The will of Jaine Haining, a Scottish Christian missionary who died trying to protect Jewish children during World War II, has recently been discovered in Edinburgh archives, that adds even more meaning to the sacrifice she made to save Jewish children during the Holocaust.
Haining, a Christian missionary who spoke fluent German and Hungarian, moved from Scotland to Budapest in 1932 to work as a matron at a church-run school that provided a safe haven for Jewish children, many of whom were orphans.
Haining cared for these children like they were her own and when war broke out in 1939, Haining was ordered to return home to Scotland. She refused saying, “If these children need me in days of sunshine, how much more do they need me in days of darkness?”
The Nazis had her under surveillance, but despite that, she managed to keep the girls safe for four years until one day she caught the cook’s son-in-law eating food intended for the girls. After being scolded, the boy betrayed her and went to the authorities.
Two Gaestapo officers came to arrest her and she was accused of eight offences, including, working among Jews, crying while sewing yellow stars onto her children’s uniforms, listening to the BBC and sending parcels to British prisoners of war, which both accounted to her being accused of “British espionage”.
After a short time in prison Jaine was sent to Auschwitz. She arrived in the camp in March 1944 and by October she was dead, along with some of the girls from the Jewish Mission School who had been sent with her.
According to her death certificate, she died of “cachexia following intestinal catarrh”, however, it is thought that she was killed in a gas chamber. She was 47 years old.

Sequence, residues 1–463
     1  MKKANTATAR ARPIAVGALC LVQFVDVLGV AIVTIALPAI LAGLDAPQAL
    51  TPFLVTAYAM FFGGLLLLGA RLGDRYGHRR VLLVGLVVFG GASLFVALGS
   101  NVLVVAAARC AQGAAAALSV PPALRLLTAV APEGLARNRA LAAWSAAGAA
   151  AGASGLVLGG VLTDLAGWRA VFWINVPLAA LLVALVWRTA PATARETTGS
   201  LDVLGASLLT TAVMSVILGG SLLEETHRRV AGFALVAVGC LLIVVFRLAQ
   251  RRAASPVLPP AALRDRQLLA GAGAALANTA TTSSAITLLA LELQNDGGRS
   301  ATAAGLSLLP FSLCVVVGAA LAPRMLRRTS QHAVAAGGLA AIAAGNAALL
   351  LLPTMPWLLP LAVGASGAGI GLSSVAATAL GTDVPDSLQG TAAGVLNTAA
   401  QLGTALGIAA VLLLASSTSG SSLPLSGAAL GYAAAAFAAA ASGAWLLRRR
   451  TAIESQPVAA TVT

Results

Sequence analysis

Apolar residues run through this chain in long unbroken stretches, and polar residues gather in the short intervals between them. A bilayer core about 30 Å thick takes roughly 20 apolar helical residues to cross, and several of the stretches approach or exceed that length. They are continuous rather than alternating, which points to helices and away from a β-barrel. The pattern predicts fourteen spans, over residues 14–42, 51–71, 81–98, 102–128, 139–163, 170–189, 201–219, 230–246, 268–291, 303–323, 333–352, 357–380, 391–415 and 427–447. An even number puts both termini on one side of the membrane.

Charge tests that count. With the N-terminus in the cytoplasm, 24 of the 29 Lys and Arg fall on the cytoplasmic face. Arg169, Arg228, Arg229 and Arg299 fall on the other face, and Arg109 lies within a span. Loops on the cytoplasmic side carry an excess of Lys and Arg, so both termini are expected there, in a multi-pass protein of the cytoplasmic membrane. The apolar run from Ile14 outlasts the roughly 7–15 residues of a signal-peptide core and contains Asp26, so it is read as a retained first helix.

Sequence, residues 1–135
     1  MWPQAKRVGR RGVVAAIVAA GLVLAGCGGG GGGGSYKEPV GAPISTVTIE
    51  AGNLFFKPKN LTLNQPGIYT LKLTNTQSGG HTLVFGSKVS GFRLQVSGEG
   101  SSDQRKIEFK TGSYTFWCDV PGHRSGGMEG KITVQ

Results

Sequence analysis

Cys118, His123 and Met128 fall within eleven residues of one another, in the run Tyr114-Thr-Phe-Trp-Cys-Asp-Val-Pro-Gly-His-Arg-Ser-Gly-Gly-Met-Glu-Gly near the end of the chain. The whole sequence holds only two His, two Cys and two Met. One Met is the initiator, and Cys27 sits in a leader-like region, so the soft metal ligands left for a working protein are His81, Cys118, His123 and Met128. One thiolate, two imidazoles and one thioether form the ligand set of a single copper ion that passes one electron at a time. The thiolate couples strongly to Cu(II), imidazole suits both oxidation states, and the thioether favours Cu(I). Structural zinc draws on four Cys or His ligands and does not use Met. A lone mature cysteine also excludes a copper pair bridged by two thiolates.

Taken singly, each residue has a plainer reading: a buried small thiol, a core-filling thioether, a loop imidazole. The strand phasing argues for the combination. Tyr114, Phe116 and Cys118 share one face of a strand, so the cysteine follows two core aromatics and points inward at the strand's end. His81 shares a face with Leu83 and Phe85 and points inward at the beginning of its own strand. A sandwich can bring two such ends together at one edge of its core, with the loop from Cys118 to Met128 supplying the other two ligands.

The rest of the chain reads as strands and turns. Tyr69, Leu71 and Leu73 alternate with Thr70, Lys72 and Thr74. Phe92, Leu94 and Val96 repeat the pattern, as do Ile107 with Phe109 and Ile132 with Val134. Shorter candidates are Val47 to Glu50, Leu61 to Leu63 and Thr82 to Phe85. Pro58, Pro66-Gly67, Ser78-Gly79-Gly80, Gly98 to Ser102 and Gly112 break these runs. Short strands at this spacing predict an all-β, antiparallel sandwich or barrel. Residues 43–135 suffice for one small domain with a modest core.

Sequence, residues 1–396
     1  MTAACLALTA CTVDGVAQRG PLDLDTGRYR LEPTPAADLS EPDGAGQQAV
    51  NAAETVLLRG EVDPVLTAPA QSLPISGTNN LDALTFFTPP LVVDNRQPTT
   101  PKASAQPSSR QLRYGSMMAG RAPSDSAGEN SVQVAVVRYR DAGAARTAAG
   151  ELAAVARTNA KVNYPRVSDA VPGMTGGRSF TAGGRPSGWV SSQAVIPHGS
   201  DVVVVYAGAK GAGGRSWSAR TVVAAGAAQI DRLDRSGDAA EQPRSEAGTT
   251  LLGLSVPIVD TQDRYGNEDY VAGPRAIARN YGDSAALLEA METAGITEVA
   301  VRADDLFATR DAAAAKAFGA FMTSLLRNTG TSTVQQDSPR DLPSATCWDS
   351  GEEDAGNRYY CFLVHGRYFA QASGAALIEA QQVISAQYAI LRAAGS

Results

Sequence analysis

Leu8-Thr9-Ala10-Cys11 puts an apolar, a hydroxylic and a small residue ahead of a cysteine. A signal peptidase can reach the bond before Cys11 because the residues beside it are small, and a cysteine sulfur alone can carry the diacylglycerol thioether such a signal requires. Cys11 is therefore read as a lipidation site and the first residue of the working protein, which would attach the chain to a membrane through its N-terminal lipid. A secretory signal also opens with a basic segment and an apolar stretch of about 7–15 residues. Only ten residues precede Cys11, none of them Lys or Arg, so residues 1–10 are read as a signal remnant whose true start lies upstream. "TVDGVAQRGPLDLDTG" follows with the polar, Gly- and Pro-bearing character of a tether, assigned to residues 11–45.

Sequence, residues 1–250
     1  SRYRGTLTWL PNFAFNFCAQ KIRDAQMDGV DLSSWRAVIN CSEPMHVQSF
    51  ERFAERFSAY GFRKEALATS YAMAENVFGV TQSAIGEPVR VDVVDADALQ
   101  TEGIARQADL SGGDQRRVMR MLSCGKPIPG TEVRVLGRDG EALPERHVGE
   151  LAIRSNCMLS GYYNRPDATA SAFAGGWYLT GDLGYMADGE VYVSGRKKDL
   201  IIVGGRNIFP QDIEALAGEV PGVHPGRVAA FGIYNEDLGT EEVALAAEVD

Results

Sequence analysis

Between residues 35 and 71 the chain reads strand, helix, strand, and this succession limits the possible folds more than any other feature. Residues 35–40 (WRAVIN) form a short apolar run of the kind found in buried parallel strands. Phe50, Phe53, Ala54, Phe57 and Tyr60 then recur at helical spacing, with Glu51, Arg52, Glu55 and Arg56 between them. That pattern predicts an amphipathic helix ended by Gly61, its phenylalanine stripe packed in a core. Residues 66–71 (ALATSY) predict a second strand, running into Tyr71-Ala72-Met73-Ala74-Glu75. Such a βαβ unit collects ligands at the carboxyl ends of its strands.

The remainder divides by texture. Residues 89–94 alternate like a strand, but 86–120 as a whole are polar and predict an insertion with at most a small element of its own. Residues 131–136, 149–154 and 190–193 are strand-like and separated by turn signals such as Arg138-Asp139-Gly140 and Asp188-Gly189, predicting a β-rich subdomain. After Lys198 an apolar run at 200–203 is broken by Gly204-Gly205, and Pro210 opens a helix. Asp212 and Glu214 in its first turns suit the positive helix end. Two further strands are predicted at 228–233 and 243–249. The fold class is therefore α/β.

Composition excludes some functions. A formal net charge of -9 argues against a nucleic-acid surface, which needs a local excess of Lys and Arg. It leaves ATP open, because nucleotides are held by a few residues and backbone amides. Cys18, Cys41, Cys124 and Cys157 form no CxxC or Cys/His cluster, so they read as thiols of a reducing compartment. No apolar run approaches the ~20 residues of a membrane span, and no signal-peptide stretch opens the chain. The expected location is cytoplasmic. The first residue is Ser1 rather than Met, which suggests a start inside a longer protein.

One of the girls who Jaine cared for, but was not sent to the camps, recalled, “I still feel the tears in my eyes and hear in my ears the siren of the Gestapo motor car. I see the smile on her face while she bade me farewell. I never saw Miss Haining again, and when I went to the Scottish Mission to ask the minister about her, I was told she had died. I did not want to believe it, nor to understand, but a long time later I realised that she had died for me, and for others. The body of Miss Haining is dead, but she is not alone, because her smile, voice and face are still in my heart.”
Jaine’s story has been brought to life once again when her will was discovered recently in a box in the Church of Scotland World Mission Council’s archives in Edinburgh.
The Rev Ian Alexander, secretary of the Council, said: “Jane Haining was a matron in the girl’s home of the Scottish Mission and her story is one of heroism and personal sacrifice.
“The most poignant discovery is her last will and testament which says ‘to be opened in the event of my death’ and dated July 1942.
“It states, in her own handwriting: ‘I, Jane Mathieson Haining, being in my right mind, do hereby with my own hand give directions for the disposal of my possessions in the event of my death.’
“She lays out what her legacies are to be and who is to receive her wireless, typewriter, fur coat and watches.
“It is a wonderful document and tremendously exciting to have something that Jane Haining herself has written. It gives a sense she was fully aware of the risks she was taking.”
This true hero of the faith knew that she was risking her life for these children and she did all she could to protect them. Her sister, Nan O’Brien, wrote some time later, “It was no surprise that she refused to come back. She would never have had a moment’s happiness if she had come home and left the children.”
Jaine is described as a Christian martyr by the Church of Scotland and was awarded a Hero of the Holocaust medal by the U.K. Government in 2010. She has been dubbed “Scotland’s Schindler” and has also been recognised as “Righteous Among the Nations” by Israel’s Yad Vashem holocaust memorial, the only Scot to receive such an honour.
What a blessing it is that her will was found so that her story could be retold once more. Praise the Lord for the life and work of Jaine Haining.